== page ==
“Are you pleased with your new home, daughter?” he asked presently.
“My grandfather, it is beautiful,” she answered. “Never have I dreamed of such a place as this. Say, may I work my art in one of these great rooms?”
“Miriam,” he answered, “of this house henceforth you are the mistress, as in time to come you will be its owner. Believe me, child, it was not needed that so many and such different men should demand from me sureties for your comfort and your safety. All I have is yours, whilst all you have, including your faith and your friends, of whom there seem to be many, remains your own. Yet, should it please you to give me in return some small share of your love, I who am childless and friendless shall be grateful.”
“That is my desire,” answered Miriam hurriedly; “only, grandsire, between you and me——”
“Speak it not,” he said, with a gesture almost of despair, “or rather I will speak it—between you and me runs the river of your parents’ blood. It is so, yet, Miriam, I will confess to you that I repent me of that deed. Age makes us judge more kindly. To me your faith is nothing and your God a sham, yet I know now that to worship Him is not worthy of death—at least not for that cause would I bring any to their death to-day, or even to stripes and bonds. I will go further; I will stoop even to borrow from His creed. Do not His teachings bid you to forgive those who have done you wrong?”
“They do, and that is why Christians love all mankind.”
“Then bring that law into this home of ours, Miriam, and love me who sorrow for what I did in the blind rage of my zeal, and who now in my old age am haunted by its memory.”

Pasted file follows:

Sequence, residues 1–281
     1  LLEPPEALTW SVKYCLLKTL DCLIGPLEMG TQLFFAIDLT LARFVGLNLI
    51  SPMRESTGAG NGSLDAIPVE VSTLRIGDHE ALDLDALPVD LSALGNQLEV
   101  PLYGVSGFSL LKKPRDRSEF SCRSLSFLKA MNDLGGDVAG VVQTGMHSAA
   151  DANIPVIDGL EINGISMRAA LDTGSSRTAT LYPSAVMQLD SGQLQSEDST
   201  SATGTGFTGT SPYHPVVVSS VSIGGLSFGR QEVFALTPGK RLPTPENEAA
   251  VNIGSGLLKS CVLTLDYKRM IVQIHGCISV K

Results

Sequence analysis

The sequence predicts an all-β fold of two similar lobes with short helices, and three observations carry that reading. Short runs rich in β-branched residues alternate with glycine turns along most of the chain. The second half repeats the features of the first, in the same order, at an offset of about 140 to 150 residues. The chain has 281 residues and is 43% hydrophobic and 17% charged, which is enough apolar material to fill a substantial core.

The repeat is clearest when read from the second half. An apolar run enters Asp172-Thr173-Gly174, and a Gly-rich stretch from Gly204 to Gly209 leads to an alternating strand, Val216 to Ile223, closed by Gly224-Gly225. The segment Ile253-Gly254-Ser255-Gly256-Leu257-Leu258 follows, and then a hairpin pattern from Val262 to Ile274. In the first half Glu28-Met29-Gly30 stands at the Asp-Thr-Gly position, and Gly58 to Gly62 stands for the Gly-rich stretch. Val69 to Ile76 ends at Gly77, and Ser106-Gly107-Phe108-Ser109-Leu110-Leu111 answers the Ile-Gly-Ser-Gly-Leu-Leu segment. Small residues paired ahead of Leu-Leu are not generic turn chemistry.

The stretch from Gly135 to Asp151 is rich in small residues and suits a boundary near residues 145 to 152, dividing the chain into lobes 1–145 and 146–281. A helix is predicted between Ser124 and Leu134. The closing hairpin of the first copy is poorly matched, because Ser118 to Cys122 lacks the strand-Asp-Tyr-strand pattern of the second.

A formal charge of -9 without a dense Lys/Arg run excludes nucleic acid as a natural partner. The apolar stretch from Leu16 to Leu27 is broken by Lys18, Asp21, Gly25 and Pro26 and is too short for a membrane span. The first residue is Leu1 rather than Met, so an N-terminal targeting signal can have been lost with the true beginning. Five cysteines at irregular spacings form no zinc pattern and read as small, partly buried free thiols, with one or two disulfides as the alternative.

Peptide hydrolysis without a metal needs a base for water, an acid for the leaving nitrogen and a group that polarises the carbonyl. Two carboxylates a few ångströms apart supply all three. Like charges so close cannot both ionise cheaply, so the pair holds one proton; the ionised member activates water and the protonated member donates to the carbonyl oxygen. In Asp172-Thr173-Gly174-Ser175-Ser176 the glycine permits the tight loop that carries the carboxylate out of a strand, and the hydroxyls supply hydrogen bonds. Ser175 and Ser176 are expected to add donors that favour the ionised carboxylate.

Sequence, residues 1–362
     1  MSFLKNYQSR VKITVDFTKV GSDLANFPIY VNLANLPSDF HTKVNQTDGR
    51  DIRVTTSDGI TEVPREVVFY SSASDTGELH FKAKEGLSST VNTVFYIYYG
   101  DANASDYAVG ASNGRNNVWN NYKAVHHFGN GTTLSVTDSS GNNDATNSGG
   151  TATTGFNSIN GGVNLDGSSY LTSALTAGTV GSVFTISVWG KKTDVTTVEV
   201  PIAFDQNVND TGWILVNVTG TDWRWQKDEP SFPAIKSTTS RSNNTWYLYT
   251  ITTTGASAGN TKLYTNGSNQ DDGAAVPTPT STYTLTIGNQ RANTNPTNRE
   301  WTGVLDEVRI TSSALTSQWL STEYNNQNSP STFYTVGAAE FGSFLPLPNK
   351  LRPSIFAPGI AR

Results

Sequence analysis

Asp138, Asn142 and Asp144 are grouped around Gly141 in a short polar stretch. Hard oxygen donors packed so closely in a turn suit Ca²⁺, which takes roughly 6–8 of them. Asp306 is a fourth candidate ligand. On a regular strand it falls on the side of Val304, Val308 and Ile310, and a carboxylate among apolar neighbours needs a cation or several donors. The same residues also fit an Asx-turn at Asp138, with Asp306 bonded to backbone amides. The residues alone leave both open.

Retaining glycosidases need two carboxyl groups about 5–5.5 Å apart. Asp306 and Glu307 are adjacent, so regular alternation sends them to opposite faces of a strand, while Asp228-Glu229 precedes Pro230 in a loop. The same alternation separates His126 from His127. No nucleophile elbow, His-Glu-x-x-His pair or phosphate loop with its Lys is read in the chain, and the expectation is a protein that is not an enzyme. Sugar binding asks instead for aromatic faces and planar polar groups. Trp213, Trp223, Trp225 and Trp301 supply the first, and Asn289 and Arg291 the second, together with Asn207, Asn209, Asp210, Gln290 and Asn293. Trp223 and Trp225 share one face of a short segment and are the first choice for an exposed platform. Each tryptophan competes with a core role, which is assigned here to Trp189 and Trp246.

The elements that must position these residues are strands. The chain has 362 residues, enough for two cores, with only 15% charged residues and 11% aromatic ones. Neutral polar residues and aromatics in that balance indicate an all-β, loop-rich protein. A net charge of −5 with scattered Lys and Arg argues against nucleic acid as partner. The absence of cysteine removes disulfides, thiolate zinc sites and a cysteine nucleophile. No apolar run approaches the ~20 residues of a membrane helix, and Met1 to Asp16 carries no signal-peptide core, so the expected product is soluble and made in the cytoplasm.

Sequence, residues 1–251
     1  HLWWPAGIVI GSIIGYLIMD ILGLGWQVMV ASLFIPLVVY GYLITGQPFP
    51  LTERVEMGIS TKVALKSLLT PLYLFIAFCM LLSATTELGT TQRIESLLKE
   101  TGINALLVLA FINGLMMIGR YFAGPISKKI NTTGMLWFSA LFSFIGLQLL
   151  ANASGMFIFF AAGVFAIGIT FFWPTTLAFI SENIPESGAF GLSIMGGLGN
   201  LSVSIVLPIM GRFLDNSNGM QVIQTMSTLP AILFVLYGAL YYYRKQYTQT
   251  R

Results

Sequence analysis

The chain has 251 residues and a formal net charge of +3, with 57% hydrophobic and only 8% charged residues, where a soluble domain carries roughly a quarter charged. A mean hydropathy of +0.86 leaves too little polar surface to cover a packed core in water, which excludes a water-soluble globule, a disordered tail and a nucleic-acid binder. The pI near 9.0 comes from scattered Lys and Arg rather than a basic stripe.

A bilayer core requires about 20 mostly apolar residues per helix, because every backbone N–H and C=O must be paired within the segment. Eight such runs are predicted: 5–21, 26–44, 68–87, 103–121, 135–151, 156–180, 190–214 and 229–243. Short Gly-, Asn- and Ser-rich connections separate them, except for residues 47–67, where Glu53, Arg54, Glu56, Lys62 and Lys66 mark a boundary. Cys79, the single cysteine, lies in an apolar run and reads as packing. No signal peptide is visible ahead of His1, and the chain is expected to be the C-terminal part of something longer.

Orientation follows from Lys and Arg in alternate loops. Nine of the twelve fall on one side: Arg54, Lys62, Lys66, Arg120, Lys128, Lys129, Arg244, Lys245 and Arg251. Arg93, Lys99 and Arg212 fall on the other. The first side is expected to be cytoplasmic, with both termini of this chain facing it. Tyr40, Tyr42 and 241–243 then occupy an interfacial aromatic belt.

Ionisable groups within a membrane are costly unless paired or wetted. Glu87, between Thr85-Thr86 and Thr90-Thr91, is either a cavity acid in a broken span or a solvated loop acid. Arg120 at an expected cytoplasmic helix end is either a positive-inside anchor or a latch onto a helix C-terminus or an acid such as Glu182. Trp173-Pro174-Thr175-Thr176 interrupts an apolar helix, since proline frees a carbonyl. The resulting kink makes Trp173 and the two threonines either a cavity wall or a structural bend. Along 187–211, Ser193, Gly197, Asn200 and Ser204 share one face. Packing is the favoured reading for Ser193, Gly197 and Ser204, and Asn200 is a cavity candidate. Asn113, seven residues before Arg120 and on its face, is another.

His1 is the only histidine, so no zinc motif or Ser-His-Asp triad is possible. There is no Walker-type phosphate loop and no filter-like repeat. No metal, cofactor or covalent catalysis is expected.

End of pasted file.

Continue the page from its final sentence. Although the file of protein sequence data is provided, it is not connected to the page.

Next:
Then for the first time Miriam threw herself into the old man’s arms and kissed him on the brow.
So it came about that they made their peace and were happy together.
Indeed, day by day Benoni loved her more, till at length she was everything to him, and he grew jealous of all who sought her company, and especially of Nehushta.
THE RING, THE NECKLACE AND THE LETTER
So Miriam came to Tyre, where, for many months, her life was peaceful and happy enough. At first she had feared meeting Caleb, who she knew from her grandfather was dwelling there; but as it chanced, he had left the city upon business of his own, so for the while she was free of him. In Tyre were many Christians with whom she made friends and worshipped, Benoni pretending to know nothing of the matter. Indeed, at this time and place it was the Jews rather than the Christians who were in danger at the hands of the Syrians and Greeks, who hated them for their wealth and faith, threatening them continually with robbery and massacre. But as yet that storm did not burst, and in its brewing the Christians, who were few, humble, and of all races, escaped notice.